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Seattle's City Halls - Home
Seattle's First City Hall
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The Third City Hall
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Seattle's City Halls

The County-City Building

County Courthouse
County Courthouse

The plaints "too small" and "inadequate" continued to be heard regarding civic space in Seattle. Options and ideas expressed by City officials, as well as citizens, were explored for easing the space burdens plaguing City offices.

In 1913, R. H. Ober, Superintendent of Buildings, reported on the costs of renting space and the feasibility of using the Prefontaine Building for a City Hall. Ober itemized $28,219 paid in rent to house departments that did not fit in the City Hall. He concluded, however, that the Prefontaine Building would not provide sufficient space for "permanent quarters for the city departments" and recommended against buying the building. He stated "the most advantageous arrangement seems to be the construction of a suitable building of a temporary nature but of a pleasing appearance upon the old city hall site, and sufficient in size to accommodate all of the outside city departments."

City Hall Park
City Hall Park

The County was proceeding with the construction of its new Courthouse which had been approved by voters in 1911 and for which funds were approved in 1912. In November 1914, a bond issue for $350,000 was approved to add two stories to the original building plan so that the City could lease space from the County.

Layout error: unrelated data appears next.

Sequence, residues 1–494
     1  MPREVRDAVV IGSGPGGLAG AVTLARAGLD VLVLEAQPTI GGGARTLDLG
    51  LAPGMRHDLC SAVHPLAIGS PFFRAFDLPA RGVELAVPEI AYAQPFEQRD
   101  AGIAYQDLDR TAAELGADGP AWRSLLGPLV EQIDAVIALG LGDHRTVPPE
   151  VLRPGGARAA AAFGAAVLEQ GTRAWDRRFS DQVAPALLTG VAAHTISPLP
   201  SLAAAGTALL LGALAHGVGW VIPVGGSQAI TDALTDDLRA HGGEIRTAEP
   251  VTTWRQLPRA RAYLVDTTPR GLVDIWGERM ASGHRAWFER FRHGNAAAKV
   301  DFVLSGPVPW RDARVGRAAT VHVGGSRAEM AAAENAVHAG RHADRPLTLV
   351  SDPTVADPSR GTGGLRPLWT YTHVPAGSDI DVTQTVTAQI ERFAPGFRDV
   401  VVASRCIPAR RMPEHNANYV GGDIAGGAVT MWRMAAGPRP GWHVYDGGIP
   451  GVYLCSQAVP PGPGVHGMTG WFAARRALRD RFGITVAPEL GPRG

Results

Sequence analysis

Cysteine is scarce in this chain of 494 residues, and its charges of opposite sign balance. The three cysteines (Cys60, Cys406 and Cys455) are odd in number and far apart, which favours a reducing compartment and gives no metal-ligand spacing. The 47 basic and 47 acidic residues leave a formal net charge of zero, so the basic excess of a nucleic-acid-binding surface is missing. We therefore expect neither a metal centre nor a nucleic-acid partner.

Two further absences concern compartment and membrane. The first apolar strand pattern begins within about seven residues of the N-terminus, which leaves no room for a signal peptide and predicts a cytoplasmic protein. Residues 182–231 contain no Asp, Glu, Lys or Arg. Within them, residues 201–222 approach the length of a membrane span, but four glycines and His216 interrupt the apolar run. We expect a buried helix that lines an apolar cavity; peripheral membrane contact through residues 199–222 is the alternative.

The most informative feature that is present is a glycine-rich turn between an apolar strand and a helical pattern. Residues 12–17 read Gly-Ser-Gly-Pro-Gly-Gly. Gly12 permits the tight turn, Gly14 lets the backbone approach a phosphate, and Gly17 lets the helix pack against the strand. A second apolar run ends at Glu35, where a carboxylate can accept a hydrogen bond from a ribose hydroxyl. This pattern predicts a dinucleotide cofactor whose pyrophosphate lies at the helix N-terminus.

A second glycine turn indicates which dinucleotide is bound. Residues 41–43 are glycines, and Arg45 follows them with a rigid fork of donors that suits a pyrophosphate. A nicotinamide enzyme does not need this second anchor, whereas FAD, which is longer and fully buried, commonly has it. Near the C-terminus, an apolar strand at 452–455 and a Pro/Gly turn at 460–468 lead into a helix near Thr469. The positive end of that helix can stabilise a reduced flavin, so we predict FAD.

As part of its agreement with the County, the City agreed to develop City Hall Park. Mayor Cotterill stated in his 1913 Annual Message that "the tentative, verbal understanding, which has been the basis of our cooperation with the County Commissioners in this matter is that the city shall become a tenant on at least a ten-year lease, of adequate quarters in the county-owned building….As part of the arrangement, it is understood that the City of Seattle shall dedicate its proposed City Hall block, which is of practically equal value with the county block, for permanent park purposes."

County-City Building
County-City Building

The new County-City building was dedicated on May 4, 1916. Five additional floors were added to the building in 1930 and a substantial remodelling took place in 1960.

The old Municipal Building, used by the City since 1909 (also known as the Yesler Building), was officially named the Public Safety Building in 1916, and thereafter, housed the departments for which it was originally intended: the Health Department, the City Hospital, the Police Department and City Jail.

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